PAGE 58

48 I I I I I!! ru


PAGE 59

49 (3.34) then (3.35) Now the boundary cell P can be treated as if it were an interior cell. As mentioned in the last chapter all the Neumann boundary conditions are with zero gradients in this study consequently the last equation gives s = s for such special cases. Throughout the discretization process, linear interpolation is frequently used to evaluate values whenever they are not readily available, except 's themselves at cell faces which are determined by convection schemes instead. For instance, in evaluating the mass flux Fn = PnV 0 ~Xp (refer to Fig. 3.7) if p 0 is not readily available as is the case when the control volume is for any quantity but v then the density there should be approximated by linearly interpolating the values at the neighboring points. It has been seen that the involveme11t of moving grids doesn't complicate the algorithm much. It is the velocity relative to the control surface that is used in defining the convection mass flux (refer to Eqs. (3.12) a11d (3.13)). Since the grid velocity in this work is neither zero 11or tl1e fluid velocity the grid is neither Eulerian nor Lagrangian. 3.3 Solution Procedures With the SIMPLE algorithm the discretized governing equations are solved one at a time in a sequential manner. Besides pressure is used as the basis i.e. the

PAGE 60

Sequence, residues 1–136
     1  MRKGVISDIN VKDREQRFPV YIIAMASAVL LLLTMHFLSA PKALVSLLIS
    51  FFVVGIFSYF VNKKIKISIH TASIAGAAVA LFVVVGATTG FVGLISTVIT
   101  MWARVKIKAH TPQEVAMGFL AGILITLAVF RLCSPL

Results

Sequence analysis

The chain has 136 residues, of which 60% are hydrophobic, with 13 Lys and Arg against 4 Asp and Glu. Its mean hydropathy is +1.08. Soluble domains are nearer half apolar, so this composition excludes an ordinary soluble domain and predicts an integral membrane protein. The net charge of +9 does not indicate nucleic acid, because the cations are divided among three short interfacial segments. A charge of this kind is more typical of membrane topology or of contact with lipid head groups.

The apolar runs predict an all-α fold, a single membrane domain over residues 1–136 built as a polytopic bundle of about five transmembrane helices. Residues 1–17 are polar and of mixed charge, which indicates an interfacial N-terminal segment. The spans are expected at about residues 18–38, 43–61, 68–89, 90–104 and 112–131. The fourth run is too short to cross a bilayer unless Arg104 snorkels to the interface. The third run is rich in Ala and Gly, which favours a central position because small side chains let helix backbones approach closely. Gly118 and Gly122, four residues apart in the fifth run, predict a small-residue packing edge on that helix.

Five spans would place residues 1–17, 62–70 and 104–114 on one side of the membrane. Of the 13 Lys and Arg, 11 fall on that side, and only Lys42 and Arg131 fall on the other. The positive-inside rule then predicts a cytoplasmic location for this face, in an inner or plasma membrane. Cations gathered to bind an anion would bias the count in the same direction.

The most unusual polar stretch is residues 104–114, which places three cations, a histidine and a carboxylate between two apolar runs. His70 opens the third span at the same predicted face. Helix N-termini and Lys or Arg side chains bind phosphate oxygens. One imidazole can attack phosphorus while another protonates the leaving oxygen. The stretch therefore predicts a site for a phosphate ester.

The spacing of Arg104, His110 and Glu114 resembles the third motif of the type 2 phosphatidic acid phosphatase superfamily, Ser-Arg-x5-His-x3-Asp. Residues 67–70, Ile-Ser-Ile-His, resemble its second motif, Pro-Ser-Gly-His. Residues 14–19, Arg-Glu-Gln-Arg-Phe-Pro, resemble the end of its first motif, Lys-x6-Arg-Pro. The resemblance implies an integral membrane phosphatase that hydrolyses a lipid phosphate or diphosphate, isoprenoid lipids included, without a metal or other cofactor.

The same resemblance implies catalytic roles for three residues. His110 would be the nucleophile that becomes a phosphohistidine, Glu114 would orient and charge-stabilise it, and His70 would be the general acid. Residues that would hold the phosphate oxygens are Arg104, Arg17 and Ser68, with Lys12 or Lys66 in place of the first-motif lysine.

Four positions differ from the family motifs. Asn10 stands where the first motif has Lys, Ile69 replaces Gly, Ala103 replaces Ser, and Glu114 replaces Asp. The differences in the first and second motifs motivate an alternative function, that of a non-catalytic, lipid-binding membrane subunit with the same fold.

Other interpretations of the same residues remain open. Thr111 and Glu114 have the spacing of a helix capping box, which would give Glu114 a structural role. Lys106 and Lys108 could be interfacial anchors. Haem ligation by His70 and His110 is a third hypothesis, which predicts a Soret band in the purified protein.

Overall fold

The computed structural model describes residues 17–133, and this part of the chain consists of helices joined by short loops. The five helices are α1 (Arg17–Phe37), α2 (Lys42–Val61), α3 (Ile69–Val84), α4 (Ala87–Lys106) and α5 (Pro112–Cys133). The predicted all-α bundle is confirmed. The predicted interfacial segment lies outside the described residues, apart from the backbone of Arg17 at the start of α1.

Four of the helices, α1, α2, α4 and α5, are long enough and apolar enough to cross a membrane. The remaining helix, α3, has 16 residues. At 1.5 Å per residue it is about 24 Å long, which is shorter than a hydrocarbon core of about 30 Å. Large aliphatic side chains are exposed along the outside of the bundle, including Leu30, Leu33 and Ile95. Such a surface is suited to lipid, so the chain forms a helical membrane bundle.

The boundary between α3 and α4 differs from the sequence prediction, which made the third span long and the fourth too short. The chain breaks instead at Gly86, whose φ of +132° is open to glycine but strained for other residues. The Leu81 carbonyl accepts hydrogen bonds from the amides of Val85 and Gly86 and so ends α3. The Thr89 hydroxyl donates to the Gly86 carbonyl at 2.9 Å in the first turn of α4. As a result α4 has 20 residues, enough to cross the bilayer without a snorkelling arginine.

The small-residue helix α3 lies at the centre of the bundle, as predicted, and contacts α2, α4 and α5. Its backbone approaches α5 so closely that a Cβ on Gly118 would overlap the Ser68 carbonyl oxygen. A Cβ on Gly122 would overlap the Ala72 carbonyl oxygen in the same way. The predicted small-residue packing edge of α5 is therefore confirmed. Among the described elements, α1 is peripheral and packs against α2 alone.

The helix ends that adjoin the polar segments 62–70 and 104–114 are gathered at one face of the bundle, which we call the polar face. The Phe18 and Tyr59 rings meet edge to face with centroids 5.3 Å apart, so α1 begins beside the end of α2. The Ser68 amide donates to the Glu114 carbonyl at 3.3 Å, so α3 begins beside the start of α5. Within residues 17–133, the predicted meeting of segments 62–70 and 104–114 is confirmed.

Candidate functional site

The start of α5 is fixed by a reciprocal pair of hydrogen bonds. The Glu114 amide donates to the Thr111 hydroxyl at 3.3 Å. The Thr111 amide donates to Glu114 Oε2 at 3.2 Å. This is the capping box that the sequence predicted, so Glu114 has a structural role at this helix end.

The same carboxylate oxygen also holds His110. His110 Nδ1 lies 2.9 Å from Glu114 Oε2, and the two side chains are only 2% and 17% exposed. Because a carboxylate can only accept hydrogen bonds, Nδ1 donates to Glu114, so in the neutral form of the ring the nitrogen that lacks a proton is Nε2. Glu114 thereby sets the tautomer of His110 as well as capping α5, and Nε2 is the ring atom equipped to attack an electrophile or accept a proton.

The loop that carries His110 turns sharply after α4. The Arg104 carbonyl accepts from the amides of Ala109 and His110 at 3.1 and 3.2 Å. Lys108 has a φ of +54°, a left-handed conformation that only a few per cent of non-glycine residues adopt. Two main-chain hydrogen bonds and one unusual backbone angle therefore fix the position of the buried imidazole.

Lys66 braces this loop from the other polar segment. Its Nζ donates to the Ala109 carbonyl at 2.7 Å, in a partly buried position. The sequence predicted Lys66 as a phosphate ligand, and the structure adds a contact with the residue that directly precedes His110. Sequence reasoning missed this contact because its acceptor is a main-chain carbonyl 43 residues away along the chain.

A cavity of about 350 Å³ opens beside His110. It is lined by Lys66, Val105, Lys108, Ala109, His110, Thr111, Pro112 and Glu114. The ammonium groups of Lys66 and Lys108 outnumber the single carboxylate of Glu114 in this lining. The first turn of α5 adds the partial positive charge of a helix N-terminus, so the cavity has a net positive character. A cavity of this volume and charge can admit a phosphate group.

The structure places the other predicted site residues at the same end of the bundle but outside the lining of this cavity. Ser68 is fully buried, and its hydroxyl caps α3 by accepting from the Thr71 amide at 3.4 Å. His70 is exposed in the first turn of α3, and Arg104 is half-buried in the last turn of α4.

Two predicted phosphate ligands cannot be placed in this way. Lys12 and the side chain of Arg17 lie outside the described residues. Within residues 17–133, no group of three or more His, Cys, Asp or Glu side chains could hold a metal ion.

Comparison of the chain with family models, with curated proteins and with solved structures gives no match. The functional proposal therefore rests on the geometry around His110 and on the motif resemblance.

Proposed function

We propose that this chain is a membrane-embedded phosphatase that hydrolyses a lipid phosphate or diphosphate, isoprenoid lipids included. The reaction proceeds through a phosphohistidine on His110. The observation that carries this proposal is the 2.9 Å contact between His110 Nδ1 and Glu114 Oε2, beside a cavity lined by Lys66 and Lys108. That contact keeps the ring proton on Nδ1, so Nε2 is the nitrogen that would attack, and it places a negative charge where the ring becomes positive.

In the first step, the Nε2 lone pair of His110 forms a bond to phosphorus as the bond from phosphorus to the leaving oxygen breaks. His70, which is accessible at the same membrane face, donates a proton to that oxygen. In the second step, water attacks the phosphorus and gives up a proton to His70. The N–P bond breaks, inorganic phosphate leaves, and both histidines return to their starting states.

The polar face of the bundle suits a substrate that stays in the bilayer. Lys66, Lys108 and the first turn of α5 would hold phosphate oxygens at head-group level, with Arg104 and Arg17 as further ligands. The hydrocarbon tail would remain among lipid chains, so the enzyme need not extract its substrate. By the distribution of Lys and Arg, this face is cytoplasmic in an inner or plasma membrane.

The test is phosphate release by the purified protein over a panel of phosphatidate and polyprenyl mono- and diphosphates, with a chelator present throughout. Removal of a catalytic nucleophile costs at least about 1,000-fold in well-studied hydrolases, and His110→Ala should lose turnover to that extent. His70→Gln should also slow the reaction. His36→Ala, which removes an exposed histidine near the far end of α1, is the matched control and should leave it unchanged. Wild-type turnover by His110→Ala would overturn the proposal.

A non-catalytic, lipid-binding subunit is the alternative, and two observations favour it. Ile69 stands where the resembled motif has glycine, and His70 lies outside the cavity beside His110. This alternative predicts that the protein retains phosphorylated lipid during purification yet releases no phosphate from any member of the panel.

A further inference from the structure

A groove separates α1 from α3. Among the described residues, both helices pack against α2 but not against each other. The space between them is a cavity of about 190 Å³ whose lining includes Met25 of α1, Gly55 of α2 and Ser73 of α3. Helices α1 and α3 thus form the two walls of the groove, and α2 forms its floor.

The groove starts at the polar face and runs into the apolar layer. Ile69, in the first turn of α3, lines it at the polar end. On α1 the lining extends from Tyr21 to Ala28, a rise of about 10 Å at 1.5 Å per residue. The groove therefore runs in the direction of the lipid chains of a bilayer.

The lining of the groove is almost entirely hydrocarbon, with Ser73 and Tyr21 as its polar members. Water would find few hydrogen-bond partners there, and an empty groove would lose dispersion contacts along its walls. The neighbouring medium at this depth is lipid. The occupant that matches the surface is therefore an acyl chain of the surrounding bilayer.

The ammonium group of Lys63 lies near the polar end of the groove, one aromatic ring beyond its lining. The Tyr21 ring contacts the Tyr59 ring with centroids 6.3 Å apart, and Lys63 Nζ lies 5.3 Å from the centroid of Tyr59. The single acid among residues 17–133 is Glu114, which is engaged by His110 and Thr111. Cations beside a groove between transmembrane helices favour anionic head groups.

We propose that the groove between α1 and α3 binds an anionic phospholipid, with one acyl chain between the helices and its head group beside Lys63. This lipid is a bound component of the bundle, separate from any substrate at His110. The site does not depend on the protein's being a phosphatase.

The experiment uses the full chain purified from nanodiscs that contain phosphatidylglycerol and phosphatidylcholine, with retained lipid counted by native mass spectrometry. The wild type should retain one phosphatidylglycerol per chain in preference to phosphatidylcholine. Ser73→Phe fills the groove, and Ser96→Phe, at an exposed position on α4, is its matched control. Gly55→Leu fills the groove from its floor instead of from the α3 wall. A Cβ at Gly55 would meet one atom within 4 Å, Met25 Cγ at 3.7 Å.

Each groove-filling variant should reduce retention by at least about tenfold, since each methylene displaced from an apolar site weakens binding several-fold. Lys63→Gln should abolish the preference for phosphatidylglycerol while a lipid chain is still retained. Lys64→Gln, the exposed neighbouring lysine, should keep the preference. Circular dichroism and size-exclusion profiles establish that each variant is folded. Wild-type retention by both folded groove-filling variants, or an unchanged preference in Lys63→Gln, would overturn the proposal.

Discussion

50 hydrodynamic pressure is determined by letting the velocity field satisfy the continuity equation, as is in contrast to the compressible algorithms (also called density-based algorithms) that use density as the basis by solving the density from the continuity e quation and then determine pressure from the equation of state. At the very beginning of the calculation initial conditions must be properly specified. Then time is increased by At ; at the new time level grids are generated based on the new boundaries and boundary conditions are specified accordingly. The flow and thermal fields need to be calculated and the procedures are described as follows. First all the unknown quantities are guessed and denoted as u , (pt) (ph) T , p ", etc. Good initial guesses should correspond to the values at the last time level With these guessed quantities the u momentum equation is discretized first. Since the way to discretize a general equation was already given in detail in the last section only the f inal form of the discretized u momentum equation for an u -c ontrol volume Pis given here. (3.36) where the source term is intentionally written into two parts such that the part solely related to the driving force -pressure -is separated from all other contributions as this will help the discussion of pressure velocity coupling. Equation (3 .36) is linearized already because the coefficients involved are evaluated in terms of the guessed u values but not the current u values. Every cell results in an equation like Eq. (3.36) and thus a system of linear algebraic equations for